WARNING: This post is way out there one the “Woo-Woo” scale.
I grew up going to church – – – a lot. Multiple times per week.
We did a lot of singing, sermon listening, and prayer circles.
The church I attended used prayer as a way to ask God for something that you wanted. For example, a new job or a positive result in a medical circumstance. We would gather in a prayer circle and pray for a positive result in our own life or in the life of someone we cared about. After the prayer, we would wait to see what happened, and report back to the group the following week.
I no longer go to church multiple times a week. And I no longer pray in the way I just described.
But I still have the desire to connect spiritually with other people. And I still desire to have positive outcomes for people I care about.
My spiritual journey has evolved into believing more in the energy you put out and take in. It’s clear to me that we can pick up on the energy of others. You can tell when your friend or loved one is angry or happy with you without having to say a word.
A few years ago there was a big backlash in the culture about “Thoughts and Prayers.” Just do a web search and you’ll find hundreds of articles and posts on both sides.
That’s when I started searching for a way to express more clearly what my intention was.
What if I prayed for someone that was of a different religion? That seemed like it could backfire on me.
What about now that the phrase itself has become politicized? I wanted something different in my vocabulary.
I was excited to discover the concept of a Metta Prayer.
The way I understand it is that Metta is focusing on the feelings of lovingkindness.
I practice it in the mornings when I do a guided meditation. I simply bring to mind a person. I really try to conjure them in my mind’s eye.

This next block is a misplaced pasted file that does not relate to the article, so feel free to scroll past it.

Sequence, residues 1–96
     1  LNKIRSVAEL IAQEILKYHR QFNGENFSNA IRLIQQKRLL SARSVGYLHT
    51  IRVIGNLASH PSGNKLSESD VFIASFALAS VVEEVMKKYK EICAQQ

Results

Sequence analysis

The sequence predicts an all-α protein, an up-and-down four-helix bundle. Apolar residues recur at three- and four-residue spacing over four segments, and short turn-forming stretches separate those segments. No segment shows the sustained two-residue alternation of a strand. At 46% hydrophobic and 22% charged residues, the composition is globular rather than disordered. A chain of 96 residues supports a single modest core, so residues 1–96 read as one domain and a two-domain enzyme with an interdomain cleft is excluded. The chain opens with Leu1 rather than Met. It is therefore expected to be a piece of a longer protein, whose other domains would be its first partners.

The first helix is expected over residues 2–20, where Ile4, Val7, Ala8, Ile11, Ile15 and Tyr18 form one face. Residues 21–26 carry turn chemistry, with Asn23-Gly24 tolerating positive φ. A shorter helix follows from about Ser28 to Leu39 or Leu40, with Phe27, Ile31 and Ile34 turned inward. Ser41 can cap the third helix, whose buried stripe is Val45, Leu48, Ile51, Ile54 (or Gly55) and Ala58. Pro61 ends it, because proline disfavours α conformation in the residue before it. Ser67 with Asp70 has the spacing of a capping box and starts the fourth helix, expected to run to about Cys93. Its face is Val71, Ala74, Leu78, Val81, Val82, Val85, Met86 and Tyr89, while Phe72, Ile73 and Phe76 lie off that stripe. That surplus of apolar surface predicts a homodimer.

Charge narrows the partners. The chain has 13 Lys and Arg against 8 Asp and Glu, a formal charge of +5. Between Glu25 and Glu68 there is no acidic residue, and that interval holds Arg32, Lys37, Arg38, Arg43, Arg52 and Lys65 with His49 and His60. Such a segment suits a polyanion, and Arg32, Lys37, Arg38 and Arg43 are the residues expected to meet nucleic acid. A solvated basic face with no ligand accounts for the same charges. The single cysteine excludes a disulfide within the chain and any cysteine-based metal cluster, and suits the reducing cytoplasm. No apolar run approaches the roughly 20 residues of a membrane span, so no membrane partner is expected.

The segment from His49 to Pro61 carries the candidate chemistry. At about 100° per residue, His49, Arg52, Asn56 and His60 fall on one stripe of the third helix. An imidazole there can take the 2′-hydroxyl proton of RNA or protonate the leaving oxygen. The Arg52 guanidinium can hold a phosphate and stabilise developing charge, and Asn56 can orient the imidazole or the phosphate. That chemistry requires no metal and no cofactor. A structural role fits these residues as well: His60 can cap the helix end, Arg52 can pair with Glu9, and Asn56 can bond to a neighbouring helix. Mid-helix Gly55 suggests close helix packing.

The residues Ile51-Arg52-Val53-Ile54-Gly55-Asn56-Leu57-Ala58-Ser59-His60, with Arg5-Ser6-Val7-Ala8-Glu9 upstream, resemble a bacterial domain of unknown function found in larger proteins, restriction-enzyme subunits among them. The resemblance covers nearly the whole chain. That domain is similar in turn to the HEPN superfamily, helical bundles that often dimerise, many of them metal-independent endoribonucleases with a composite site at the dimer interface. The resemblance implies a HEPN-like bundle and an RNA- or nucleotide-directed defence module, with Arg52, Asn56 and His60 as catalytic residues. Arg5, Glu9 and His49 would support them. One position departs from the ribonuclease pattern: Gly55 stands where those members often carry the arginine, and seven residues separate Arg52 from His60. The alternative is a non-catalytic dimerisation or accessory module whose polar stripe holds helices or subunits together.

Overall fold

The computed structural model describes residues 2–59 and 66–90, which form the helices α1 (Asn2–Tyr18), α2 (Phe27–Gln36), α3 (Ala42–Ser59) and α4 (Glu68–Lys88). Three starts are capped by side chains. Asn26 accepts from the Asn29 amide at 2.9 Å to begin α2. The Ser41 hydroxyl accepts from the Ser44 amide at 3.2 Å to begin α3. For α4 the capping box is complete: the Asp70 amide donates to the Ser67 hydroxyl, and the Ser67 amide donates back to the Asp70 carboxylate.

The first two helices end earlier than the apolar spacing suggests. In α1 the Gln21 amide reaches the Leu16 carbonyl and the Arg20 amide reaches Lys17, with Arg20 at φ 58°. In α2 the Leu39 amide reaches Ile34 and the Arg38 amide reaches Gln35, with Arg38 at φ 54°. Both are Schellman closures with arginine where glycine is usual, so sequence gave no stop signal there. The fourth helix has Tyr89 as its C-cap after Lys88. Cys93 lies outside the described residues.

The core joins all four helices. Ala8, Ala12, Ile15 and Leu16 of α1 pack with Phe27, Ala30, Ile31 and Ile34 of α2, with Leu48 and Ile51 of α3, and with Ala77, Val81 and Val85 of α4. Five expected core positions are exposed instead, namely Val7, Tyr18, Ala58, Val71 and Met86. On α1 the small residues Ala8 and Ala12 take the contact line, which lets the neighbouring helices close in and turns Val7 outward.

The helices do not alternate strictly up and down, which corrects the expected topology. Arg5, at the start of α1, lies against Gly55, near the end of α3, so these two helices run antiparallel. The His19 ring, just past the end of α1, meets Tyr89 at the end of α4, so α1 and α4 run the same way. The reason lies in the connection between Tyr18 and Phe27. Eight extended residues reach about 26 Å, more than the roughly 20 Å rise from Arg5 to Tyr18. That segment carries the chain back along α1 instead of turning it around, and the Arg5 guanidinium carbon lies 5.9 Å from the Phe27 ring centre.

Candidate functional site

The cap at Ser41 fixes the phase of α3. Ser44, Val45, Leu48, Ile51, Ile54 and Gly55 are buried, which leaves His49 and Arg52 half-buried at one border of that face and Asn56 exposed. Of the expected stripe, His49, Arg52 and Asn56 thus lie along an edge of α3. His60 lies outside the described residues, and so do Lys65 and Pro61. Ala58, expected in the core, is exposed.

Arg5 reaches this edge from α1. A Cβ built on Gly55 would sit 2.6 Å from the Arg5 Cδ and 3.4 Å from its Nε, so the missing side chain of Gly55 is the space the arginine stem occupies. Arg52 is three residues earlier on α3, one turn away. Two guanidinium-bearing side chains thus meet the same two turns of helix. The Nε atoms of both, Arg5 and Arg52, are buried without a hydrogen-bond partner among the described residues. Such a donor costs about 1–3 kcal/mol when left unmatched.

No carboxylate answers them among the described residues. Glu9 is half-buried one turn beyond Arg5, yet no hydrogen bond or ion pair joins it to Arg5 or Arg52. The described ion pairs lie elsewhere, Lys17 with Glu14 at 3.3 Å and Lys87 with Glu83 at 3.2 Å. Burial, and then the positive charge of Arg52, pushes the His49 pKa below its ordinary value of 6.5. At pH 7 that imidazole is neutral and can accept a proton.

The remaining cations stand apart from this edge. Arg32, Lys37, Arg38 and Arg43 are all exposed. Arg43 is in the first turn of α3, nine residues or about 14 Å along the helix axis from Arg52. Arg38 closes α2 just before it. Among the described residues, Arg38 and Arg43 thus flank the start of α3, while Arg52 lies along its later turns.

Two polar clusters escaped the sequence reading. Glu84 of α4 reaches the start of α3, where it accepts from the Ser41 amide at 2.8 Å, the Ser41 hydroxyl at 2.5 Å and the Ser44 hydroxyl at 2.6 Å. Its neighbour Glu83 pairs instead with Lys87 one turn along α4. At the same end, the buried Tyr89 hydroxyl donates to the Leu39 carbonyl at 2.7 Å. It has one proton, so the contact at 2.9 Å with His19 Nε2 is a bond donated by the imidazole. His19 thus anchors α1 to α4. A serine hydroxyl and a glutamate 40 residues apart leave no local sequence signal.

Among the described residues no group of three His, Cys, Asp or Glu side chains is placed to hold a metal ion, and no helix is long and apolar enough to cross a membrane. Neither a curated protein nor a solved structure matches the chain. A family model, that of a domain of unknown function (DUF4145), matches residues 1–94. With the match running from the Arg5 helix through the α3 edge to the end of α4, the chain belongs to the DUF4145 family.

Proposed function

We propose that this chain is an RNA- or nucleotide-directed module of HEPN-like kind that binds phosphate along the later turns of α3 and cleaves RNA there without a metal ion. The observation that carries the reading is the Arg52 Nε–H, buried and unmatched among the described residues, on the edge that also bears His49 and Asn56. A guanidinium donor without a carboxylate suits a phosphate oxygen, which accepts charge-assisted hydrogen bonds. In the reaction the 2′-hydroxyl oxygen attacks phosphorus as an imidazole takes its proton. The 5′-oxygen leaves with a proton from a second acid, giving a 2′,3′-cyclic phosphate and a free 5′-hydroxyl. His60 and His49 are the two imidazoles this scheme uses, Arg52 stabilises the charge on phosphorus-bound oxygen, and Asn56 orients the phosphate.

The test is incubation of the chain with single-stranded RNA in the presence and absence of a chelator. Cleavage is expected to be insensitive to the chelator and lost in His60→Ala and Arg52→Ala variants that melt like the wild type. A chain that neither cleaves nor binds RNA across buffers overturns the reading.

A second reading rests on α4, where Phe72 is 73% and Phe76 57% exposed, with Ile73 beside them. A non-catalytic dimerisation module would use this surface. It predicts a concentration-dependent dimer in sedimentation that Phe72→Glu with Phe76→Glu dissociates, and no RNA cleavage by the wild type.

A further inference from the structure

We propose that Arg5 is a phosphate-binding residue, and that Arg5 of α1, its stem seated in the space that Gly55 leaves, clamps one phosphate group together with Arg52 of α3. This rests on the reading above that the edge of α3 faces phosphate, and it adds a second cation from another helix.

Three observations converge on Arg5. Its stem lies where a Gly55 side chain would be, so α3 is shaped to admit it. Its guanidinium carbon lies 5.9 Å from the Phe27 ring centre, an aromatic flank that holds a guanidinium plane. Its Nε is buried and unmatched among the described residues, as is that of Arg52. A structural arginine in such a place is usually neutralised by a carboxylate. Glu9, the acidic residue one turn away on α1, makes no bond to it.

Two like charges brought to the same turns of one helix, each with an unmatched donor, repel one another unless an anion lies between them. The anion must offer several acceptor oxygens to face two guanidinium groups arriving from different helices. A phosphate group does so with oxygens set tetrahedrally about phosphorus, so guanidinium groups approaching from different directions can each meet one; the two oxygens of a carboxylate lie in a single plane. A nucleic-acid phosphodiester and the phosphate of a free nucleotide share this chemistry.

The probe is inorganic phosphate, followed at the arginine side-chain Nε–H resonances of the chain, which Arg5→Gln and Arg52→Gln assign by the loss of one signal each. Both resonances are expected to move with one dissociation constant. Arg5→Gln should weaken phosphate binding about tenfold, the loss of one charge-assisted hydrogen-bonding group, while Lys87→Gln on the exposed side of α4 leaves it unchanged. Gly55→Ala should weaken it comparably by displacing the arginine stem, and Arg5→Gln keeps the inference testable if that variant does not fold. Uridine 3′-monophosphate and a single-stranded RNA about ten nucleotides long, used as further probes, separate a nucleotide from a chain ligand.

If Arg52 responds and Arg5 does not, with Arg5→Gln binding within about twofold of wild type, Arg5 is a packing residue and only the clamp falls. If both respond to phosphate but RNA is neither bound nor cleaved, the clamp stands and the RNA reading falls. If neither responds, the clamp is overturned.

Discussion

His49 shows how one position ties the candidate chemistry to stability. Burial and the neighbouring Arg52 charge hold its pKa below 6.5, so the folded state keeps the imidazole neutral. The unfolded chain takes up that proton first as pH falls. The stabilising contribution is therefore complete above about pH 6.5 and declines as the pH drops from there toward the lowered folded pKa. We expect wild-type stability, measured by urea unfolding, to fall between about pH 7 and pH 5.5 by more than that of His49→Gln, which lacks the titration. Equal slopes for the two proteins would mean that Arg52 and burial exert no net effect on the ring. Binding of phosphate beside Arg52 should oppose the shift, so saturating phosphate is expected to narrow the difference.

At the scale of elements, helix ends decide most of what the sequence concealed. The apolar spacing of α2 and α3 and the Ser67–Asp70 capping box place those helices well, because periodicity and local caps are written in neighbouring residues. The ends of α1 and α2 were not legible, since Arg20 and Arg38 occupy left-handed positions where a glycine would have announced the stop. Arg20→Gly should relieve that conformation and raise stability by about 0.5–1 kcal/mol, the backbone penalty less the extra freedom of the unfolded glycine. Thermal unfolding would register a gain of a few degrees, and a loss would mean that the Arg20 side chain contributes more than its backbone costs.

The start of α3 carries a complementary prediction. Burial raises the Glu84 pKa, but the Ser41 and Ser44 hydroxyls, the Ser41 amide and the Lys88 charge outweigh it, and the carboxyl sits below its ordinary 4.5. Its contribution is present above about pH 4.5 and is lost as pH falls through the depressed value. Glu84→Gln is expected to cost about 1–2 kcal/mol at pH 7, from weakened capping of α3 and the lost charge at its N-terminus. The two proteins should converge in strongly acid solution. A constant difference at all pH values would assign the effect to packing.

Once I can visualize this person on the little slide show in my brain, I recite short phrases aiming my intention of lovingkindness at the person.
“May you be happy.
May you not suffer.
May you be safe.
May you be peaceful.”
Phrases like that. I’ll do that for a minute or two. Some days it feels hollow and unconnected, but sometimes I can really connect with the feeling about that person. I really do want them to be happy. I really do wish that they will not suffer.
As you practice the Metta prayer, you can point this intention at people you love, people that are challenging to you, and even at yourself.
One of the main reasons I like it so much is that I don’t have to wait for a result I have no control over. Regardless of if the person I was thinking about is more happy or more peaceful is besides the point. The exercise is really about me tapping into a way of thinking that outputs positive energy. It’s impossible for me to be concentrating on lovingkindness and also on negative emotions at the same time. When I then interact with people, it’s more likely that I will be putting these “vibes” into the world.
The Metta Prayer has given me a way to put positive energy into the system regardless of the other person’s beliefs. I can find no downside to it, and it has freed me up from looking for some kind of outcome. The outcome is in the practice itself.
May you all be happy and not suffer.
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